Mystery Surrounds Research
Most businesses, in the current climate, would forfeit their proverbial eye teeth to get to grips with a new area of business. Despite bad publicity over the opinion polls, the market research industry is in this fortunate position. Two-thirds of the UK's bigger companies now run some form of customer satisfaction programme, offering many new research opportunities.
The researchers, however, are wracked with doubts about the ethics of the situation. Without implying criticism, this is typical of the research sector. They guard their code of conduct jealously, on both moral and practical grounds. The fact that research information about individuals is stored anonymously, for instance, exempts the industry from many of the provisions of the Data Protection Act. At the same time, as one professional confided, almost any new activity is alien to the code.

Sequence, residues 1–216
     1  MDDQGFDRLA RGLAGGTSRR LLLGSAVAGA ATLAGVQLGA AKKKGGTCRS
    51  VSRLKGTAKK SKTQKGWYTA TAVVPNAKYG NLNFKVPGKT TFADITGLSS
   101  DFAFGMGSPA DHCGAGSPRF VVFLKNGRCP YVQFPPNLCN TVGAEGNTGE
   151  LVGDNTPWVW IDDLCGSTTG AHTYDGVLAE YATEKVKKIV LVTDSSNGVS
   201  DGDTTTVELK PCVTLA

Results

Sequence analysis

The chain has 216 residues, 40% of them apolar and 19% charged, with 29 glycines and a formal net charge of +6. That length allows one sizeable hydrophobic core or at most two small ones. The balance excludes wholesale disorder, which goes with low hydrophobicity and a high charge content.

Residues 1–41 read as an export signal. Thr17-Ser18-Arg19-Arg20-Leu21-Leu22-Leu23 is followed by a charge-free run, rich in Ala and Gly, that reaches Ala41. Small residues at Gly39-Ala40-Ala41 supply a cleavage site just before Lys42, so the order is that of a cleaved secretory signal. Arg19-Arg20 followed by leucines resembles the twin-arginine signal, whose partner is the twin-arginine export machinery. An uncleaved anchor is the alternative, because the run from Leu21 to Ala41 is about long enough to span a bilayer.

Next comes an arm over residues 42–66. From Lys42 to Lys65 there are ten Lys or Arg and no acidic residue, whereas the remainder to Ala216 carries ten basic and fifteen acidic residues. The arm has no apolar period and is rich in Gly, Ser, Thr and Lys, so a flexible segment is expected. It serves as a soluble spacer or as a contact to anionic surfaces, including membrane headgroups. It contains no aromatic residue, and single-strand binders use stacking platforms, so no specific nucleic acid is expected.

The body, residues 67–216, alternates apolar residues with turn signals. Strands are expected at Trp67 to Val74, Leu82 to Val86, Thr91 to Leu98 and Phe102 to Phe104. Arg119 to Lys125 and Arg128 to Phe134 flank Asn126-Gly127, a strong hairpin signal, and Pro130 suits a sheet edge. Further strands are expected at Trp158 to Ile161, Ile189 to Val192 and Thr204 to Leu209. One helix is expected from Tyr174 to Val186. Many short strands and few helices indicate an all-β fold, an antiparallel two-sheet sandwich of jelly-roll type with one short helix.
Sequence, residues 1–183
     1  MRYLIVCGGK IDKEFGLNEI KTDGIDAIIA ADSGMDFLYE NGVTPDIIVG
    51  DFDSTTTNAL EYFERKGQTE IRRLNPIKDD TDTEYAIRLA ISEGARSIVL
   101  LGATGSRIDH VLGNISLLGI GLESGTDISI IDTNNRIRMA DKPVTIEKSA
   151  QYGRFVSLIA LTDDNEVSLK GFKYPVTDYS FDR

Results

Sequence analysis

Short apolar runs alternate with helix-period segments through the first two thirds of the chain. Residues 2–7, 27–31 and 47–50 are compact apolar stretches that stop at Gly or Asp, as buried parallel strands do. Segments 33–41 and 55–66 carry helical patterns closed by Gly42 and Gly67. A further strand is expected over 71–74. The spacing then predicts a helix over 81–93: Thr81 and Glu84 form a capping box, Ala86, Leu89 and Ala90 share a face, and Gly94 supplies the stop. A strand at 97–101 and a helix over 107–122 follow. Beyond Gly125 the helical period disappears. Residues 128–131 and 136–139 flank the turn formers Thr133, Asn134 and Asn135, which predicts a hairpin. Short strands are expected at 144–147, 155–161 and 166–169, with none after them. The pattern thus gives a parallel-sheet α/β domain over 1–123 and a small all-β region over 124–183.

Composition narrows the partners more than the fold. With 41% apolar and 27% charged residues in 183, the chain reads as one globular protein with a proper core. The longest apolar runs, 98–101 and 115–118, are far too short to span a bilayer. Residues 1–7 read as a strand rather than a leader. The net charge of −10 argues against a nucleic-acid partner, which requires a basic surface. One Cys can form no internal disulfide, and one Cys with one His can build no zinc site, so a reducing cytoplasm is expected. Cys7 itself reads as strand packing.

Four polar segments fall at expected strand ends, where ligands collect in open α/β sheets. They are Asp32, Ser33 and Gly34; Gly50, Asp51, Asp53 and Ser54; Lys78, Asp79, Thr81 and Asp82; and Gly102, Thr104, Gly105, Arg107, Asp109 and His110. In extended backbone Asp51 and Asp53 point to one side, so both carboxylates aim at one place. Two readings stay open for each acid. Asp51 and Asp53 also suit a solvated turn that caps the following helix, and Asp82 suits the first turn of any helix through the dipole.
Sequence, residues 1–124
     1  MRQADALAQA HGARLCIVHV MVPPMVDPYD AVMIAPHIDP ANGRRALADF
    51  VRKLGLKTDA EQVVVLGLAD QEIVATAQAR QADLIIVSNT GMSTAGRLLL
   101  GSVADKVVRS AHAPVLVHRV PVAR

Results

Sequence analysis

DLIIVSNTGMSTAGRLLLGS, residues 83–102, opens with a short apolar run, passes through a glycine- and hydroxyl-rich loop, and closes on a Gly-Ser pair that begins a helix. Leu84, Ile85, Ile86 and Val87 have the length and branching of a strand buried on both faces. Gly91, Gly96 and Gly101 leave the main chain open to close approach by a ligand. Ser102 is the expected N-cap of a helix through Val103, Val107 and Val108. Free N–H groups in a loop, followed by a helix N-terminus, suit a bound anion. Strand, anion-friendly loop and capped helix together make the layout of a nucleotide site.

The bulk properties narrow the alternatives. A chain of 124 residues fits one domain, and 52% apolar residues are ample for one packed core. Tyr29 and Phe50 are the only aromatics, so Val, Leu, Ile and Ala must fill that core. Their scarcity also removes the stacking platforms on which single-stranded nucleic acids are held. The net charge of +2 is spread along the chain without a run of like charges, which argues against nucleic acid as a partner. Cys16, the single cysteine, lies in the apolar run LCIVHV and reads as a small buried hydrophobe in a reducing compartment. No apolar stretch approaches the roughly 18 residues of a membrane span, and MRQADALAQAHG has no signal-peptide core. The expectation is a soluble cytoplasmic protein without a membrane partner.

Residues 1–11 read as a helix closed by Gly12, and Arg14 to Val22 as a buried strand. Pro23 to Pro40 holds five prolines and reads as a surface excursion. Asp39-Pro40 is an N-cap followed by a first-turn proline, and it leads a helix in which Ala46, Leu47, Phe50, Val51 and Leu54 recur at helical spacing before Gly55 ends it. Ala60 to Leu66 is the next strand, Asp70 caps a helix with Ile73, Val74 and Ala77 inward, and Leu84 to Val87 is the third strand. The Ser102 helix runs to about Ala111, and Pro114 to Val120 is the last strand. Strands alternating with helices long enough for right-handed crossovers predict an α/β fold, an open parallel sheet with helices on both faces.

So what is the argument about? There is no problem about using established market research techniques to monitor how customers' perceptions of a company change, through face-to-face interviews or self-completion questionnaires. The awkward area is the measurement of changes, not in perception but in reality, through the burgeoning technique of "mystery shopping". This is where individuals pose as customers to assess everything from the friendliness of the staff to the cleanliness of a branch office. …